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Reconstructing What Is Lost

Posted On October 23, 2019 | 16:31 pm | by ostmannj01 | Permalink
Arianna Gullo uses sixth-century epigrams to better understand Byzantine art history

Arianna Gullo, who until this summer was a lecturer in classics at the University of Glasgow, and takes up a Leverhulme Early Career Fellowship at the University of Newcastle in May 2020, is a fellow in Byzantine Studies. Her research report, “Ekphrasis and Epigram in the Age of Justinian,” outlined an interdisciplinary approach to studying transformations in Byzantine art by attending to links between art, text, and reader.


Q&A with Arianna Gullo

How would you encounter an epigram, whether in classical antiquity or today?

In everyday life, we are surrounded by epigrams. We all bury our dead, and then usually we adorn their funerary monuments with inscriptions, that is, reflecting the same custom the Greeks and Romans had. Or think about statues or monuments honoring people fallen during the Second World War, standing in a square or somewhere quite conspicuous and visible. The inscription carved on the base of the statue or the monument? That’s another epigram. There can be epigrams in a church to commemorate its erection, or on an official public building remembering when it was built and why. For example, right outside the Dumbarton Oaks library, on the opposite wall, there is an inscription with a statement by the cofounder Mildred Bliss. That’s an epigram!

Consider the act of writing a sentence or two in a card to accompany a present for a friend—that might be a votive epigram, an inscription made to accompany an offering. In classical antiquity, people used to worship a deity by providing offerings, often accompanied by an inscription. We are just repeating the same kind of gesture they used to make.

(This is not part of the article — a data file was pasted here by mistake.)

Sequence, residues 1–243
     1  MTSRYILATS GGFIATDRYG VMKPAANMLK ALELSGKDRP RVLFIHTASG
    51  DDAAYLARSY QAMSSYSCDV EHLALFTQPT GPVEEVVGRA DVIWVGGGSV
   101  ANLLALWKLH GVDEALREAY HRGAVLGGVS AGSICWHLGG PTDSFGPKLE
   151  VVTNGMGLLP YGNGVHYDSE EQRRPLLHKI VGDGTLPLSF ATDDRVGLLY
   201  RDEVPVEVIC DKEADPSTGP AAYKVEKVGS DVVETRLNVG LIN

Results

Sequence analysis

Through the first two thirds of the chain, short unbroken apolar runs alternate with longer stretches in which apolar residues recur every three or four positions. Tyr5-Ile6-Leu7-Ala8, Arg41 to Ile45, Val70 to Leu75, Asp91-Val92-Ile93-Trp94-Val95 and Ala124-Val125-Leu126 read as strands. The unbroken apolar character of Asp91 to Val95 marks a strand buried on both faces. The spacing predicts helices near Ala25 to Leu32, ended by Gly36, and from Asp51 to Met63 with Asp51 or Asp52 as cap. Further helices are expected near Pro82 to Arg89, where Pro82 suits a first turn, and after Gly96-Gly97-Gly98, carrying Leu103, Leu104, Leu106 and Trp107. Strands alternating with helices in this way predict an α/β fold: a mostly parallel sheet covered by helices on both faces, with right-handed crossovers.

What does your research into epigrams reveal about the kind of art—now lost—that Byzantines would have seen every day?

For a long time, late antique and Byzantine epigrams, especially those only transmitted through manuscripts, were just considered literary texts—completely detached from the monumental context. I always found that very unfair. The epigrams I study, originally collected in the so-called Cycle of Agathias, are the only extant source we have about the art objects on which they were inscribed. I have not yet completed my catalogue, but I would estimate the epigrams describe 100–150 works of art from the age of the emperor Justinian (527–565). In fact, I expect to find more during my research.

Without these epigrams, we would be completely ignorant that in the sixth century in Constantinople, there were, say, these works in prominent public places like the Hippodrome or the Augustaion. We cannot dismiss this evidence from literary texts, just as we would not dismiss evidence from pottery, stone, marble. It’s crucial. 

These epigrams are not precise in describing the works of art. But they don’t need to be. The author knew that the reader was going to build up in his mind a visualization of the statue or monument—even if the statue was not immediately recognizable—because he could rely on his visual memory of common iconographic patterns. If the passerby stopped before an inscribed honorific stela, even without reading the inscription, recognizing immediately the person carved, he could have said, “of course that’s Justinian, because it’s an emperor seated on a bronze horse.”


Why are late antique scholars interested in the kind of interdisciplinary research you do?  

Thankfully scholars now consider late antiquity a very important phase in the development of Greek culture, leading to the Byzantine era. This work contributes to the explosion of late antique studies. Within that sphere, a lot of scholars are interested in the relationship between art and text. Then it’s fascinating how these texts exploit all the feelings and senses, basically making the reader participate in the description. There is a unique relationship not just between the art and the text but also between the text and the reader.

That’s why my project is an interdisciplinary one. This year at Dumbarton Oaks, there are luckily many art historians as fellows. I will surely benefit from dialogue with them, since I am mostly a philologist, not an archaeologist or an art historian. We have so little evidence of material objects that these texts become the only source for us to reconstruct parts of everyday life in sixth-century Constantinople. We should try to be as resourceful as possible to reconstruct what is lost.


Julia Ostmann is postgraduate writing and reporting fellow at Dumbarton Oaks. Photo by Elizabeth Muñoz Huber, postgraduate digital media fellow.